In 1783, Wesley took the fateful step of establishing an American episcopacy when he ordained Francis Asbury and Thomas Coke as joint superintendents of the American Methodist Church. Wesley defended this break with apostolic tradition--which held that only bishops can ordain priests, much less consecrate other bishops--by consulting Scripture. As there was no legal Anglican establishment in America at the time, Wesley undoubtedly believed that the only way his movement could be preserved in the new republic was through a denominational structure all its own. (In the wake of the Revolution, most American Methodists probably saw the Church of England as a Tory institution anyway.) As High Church as Wesley may have been in many of his personal beliefs, the movement he spawned in America was Protestant, evangelical, and fiercely independent.
The southern branch of the Methodist Church took its role as moral teacher quite literally and became a major force in both theological and secular education. In 1854, for example, its quadrennial conference called for a convention of leading Methodist educators. This group, which met in Nashville in April 1856, formed the Educational Institute of the Methodist Episcopal Church, South--a group that met annually to improve textbooks, raise larger college endowments, and provide special training for teachers. It was within this group, according to Paul K. Conkin, that the "dream of a great Methodist university in Nashville" first matured.
As the location of both the publishing house and the missionary board of the Southern Methodist Church, Nashville was the logical site for the denomination's central university--an institution "capable of providing advanced training for the graduates of the thirty or so struggling colleges supported by the annual conferences of the church." Although this dream was deferred by the Civil War, it finally became a reality when, in 1873, Methodist bishop Holland N. McTyeire persuaded Commodore Cornelius Vanderbilt to endow the university that would bear his name. (Vanderbilt was neither a southerner nor a Methodist, but his second wife--a distant relative of McTyeire--was both.) The presence of Vanderbilt University in Nashville would continue to shape the educational ethos of the state and region for years to come. In no small part, the gospel of a Vanderbilt education was spread by its alumni, a group that included the Reverend Cleanth Brooks, who attended the university from 1891 to 1894, when its distinction and piety were both beyond question.
After leaving Vanderbilt in 1894 (he would not actually complete the requirements for his degree until 1903), Cleanth Brooks was admitted on trial as a minister of the Memphis Conference of the Methodist Episcopal Church, South. The region encompassed by this conference (which is the jurisdictional equivalent of a diocese in the Roman Catholic or Episcopal Church) covered west Tennessee and southern Kentucky. In a pattern that would be repeated often during the thirty years he served in the conference, Brooks was appointed to the Buena Vista Mission in Carroll County, Tennessee, in 1894 and transferred the following year to the Station Church in Columbus, Kentucky. After serving what amounted to a two-year apprenticeship, Brooks was admitted into "full connection" with the Memphis Conference at its annual meeting held in Jackson, Tennessee, on November 18 - 23, 1896.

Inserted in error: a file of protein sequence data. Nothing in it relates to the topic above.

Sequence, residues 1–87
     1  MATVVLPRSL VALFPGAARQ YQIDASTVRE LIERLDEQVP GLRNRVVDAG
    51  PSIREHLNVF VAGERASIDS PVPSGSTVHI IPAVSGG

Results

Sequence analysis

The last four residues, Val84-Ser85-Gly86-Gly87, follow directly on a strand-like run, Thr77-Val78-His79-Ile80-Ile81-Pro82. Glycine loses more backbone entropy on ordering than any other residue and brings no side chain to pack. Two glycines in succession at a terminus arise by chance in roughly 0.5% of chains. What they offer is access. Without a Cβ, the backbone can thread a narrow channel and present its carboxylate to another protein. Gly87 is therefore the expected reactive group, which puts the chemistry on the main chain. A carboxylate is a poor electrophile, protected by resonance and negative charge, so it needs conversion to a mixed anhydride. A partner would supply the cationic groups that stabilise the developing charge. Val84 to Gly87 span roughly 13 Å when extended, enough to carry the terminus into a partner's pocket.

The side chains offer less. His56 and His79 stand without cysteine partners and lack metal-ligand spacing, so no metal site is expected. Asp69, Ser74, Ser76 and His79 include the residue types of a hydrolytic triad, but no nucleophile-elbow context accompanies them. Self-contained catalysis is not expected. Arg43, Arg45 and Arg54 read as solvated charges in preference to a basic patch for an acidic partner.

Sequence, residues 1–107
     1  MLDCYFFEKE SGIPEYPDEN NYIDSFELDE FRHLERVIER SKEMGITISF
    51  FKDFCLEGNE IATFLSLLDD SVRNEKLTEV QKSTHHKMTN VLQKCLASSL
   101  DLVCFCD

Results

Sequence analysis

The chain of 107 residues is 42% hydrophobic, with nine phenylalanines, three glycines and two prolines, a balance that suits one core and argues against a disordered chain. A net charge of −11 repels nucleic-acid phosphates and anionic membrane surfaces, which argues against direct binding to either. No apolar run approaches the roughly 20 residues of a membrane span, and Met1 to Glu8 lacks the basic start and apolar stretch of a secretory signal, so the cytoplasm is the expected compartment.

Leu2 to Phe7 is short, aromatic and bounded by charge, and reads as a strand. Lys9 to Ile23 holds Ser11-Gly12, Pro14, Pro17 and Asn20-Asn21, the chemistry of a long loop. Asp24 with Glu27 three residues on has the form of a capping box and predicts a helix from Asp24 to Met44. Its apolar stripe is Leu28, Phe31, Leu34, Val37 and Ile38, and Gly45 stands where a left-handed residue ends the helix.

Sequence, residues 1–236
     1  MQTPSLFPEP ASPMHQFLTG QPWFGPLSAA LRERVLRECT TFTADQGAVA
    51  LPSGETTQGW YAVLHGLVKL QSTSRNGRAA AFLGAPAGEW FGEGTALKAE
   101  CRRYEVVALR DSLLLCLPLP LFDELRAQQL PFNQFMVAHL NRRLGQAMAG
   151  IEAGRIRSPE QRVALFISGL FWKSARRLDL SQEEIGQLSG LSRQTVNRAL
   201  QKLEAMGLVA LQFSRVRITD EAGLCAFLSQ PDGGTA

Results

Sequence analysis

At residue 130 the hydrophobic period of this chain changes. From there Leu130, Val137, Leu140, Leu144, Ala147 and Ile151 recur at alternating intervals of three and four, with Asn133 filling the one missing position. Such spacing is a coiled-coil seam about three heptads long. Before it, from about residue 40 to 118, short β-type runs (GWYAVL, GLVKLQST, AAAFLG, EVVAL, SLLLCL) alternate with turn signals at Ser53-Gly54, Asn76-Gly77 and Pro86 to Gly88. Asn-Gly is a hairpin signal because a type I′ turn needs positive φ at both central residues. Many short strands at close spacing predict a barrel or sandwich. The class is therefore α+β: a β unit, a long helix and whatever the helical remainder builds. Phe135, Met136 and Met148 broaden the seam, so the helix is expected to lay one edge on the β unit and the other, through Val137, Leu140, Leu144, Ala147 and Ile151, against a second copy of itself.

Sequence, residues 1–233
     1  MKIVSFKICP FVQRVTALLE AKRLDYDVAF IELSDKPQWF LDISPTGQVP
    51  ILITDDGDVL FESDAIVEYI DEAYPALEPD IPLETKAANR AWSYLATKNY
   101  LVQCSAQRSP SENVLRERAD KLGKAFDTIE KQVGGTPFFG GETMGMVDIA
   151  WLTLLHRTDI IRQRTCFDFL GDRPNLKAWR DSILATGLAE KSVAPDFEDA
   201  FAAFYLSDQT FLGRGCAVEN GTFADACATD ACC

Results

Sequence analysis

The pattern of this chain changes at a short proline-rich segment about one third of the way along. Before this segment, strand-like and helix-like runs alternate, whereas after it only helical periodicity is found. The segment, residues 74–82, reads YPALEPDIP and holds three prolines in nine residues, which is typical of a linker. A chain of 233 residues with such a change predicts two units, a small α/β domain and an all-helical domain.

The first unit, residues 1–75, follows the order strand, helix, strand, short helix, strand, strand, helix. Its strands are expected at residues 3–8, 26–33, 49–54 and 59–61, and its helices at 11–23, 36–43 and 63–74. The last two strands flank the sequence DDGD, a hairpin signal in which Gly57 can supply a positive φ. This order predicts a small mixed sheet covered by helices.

While serving in Columbus, Kentucky, Cleanth Brooks married May Browder, a native of Fulton, Kentucky, on June 12, 1895. (May's distant relative Earl Browder would run for president on the Communist Party ticket in 1948.) The bride was over two months shy of her twentieth birthday. The newlyweds remained one more year in Columbus before being transferred south to the Gleason Circuit in Tennessee in 1897. The following year found them in the First Church of Bolivar, Tennessee, and the year after that, nineteen miles farther south in Grand Junction, near the Mississippi border. After another year in Grand Junction, the Brookses moved forty-four miles north to Henderson, in 1901. Two years later, they were transferred seventeen miles east to the Campbell Street Church in Jackson. Although none of the moves in Tennessee was over a great distance, all involved leaving newly made friends and setting up house in a new environment. During the nine years of their marriage, the Brookses produced four children--Elizabeth, John Kirkby, Mary, and Ruth.
On December 8, 1904, May Brooks died in the Campbell Street parsonage. Her obituary in the Memphis Conference minutes for 1905 does not indicate the cause of death, but it does mention "the devotion of friends and tenderest nursing and most skillful medical treatment and earnest prayers." In addition to her family responsibilities, she had assumed the burdens of a preacher's wife, working in the Sunday school, the Epworth League, and the various women's societies of the church. Her funeral, which was conducted by the Reverend J. W. Blackard, drew an overflow throng of mourners. Approximately two weeks before Christmas 1904, May Browder Brooks was buried in the Hollywood Cemetery in Jackson.